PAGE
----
Feline Lung Cancer Symptoms

Lung cancer in felines can be primary, when the cancerous tissues have developed in the lung area first, or secondary, when the disease has spread from another part of the body. The lung cancer symptoms in felines can be visible as the disease progresses.

Causes of Lung Cancer

A clear cause for lung cancer hasn't been discovered yet. However, lung cancer in cats has been linked to smoking environments and cats exposed to smoke.

There are 2 types of lung cancer:

  • Primary, which originates from cancerous cells that grow in the lung tissues or the bronchioles
  • Secondary, which occurs in other parts of the body and metastizes to the lungs

Lung Cancer Symptoms

During the early stages of the disease, lung cancer will manifest itself as a common feline upper respiratory infection. The cat will have a dry cough and will be less active. If the cancer originates in other parts of the body, the coughing will not be present in the initial stages of the disease.

As the disease advances, the cat will display the following symptoms:

  • Lethargy - the cat lacks the energy to perform normal activities, so he will sleep more and move slower while awake
  • Weight loss, due to the lack of appetite
  • Generalized weakness
  • Dry coughing, and in some cases, coughing of blood
  • Lameness due to the general weak condition; the cat may be reluctant to go up the stairs, jump or perform regular movements
  • Shortness of breath
  • Hiding behavior
  • Depression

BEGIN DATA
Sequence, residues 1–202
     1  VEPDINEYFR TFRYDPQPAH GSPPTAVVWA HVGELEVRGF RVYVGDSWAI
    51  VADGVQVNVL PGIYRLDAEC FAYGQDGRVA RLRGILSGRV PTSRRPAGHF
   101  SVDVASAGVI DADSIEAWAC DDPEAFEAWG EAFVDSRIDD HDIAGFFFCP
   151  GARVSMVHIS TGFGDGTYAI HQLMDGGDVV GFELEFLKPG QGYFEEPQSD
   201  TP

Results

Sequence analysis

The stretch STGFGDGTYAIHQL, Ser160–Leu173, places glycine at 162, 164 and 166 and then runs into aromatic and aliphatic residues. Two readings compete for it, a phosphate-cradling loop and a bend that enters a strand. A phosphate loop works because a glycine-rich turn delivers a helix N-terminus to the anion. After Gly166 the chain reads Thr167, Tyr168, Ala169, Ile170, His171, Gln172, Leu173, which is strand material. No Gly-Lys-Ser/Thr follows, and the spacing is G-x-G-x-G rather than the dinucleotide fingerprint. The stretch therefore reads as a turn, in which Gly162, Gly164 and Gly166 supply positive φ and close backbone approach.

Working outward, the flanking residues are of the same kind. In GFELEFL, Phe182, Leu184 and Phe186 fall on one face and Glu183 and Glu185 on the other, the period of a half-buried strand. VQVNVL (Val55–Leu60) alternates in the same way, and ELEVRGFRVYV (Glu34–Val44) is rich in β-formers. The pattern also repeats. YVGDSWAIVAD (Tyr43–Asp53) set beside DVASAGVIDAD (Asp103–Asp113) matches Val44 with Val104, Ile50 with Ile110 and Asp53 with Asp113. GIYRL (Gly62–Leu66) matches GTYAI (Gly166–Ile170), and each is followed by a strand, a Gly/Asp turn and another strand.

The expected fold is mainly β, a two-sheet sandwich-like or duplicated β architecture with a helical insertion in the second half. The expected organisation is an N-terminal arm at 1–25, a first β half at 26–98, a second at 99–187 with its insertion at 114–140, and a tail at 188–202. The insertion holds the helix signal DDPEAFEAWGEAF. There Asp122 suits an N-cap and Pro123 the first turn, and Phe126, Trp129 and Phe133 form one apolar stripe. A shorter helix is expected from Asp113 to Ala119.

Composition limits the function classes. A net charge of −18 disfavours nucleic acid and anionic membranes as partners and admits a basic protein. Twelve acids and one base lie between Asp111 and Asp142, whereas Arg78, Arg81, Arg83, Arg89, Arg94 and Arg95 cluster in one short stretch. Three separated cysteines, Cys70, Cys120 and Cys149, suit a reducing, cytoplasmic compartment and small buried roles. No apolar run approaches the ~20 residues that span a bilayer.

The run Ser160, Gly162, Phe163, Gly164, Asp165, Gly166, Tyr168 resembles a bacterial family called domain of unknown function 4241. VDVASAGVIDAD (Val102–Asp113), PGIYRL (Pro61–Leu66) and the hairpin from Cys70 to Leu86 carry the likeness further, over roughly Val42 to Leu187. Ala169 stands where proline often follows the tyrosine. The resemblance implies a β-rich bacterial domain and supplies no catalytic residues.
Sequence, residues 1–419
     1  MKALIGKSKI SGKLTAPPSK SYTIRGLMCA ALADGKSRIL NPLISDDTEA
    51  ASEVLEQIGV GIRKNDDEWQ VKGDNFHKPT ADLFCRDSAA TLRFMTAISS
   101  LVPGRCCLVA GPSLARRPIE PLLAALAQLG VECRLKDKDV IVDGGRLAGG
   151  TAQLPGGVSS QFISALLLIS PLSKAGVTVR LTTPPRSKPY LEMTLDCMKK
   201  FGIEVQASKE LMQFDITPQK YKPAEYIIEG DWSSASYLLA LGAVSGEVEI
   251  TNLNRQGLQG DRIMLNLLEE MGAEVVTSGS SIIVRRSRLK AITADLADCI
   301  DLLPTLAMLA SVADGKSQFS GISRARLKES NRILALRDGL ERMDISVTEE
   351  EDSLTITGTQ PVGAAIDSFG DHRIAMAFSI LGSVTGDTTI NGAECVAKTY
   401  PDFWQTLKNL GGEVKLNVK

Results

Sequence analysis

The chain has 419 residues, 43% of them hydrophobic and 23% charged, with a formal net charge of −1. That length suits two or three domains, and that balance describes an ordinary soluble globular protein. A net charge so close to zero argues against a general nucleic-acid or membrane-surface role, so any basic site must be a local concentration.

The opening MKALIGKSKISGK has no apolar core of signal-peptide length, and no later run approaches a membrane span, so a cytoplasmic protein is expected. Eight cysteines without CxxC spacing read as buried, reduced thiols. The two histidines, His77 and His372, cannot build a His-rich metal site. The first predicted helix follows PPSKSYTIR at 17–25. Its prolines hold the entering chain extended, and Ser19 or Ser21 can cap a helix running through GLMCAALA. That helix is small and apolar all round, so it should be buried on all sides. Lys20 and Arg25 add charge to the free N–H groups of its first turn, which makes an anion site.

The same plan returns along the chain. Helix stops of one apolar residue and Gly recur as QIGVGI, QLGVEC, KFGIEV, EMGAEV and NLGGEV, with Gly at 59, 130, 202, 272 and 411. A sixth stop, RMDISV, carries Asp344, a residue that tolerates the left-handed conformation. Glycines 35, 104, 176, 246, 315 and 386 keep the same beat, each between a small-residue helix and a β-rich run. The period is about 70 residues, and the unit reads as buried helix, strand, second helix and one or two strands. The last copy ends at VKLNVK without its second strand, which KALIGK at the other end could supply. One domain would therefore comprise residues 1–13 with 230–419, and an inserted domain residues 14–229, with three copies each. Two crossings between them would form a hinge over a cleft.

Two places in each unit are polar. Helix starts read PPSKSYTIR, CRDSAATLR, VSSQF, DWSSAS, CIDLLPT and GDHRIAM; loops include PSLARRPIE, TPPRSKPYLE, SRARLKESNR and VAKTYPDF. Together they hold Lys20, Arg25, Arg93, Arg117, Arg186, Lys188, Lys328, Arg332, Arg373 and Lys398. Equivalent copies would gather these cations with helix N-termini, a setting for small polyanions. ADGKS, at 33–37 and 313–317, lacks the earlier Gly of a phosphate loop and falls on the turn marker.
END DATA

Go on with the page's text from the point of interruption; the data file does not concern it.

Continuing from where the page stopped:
• Excessive meowing, even during nighttime, as lung cancer may also cause anxiety that will lead to insomnia
  • Behavior changes, aggressiveness or biting and scratching when the cat is teased; this is due to the pain and the anxiety that occurs when the cat is ill

In more advanced cases of lung cancer, there will be accumulation of fluid in the lung tissues (pleural effusion). Towards the final stages of lung cancer, the disease will affect the lungs, and the cat will have very little healthy lung tissue left. This will create breathing problems and the cat may die from respiratory arrest.

If the cancer has started in other parts of the body, there may be symptoms that are related to tumors or carcinomas located in other organs or parts of the body: vomiting, digestive problems, lumps or swellings on the skin, bleeding lesions that take a long time to heal, a change in the urination and defecation habits, unexplained bleeding or discharges from different orifices of the body, bad odor of the breath and skin.

Treatment Options

The stage of the cancer must be established before starting the treatment. If possible, the tumor must be removed. If the tumor affects only one lung lobe, the vet may remove the entire lobe.

The typical treatment of cancer includes chemotherapy, which will stop the cancerous cells from developing. Chemotherapy can be effective, but only post surgery. Radiation therapy may also be recommended. This will focus on relieving the pain. If the cat has pleural effusion, the liquid must be removed from the lungs.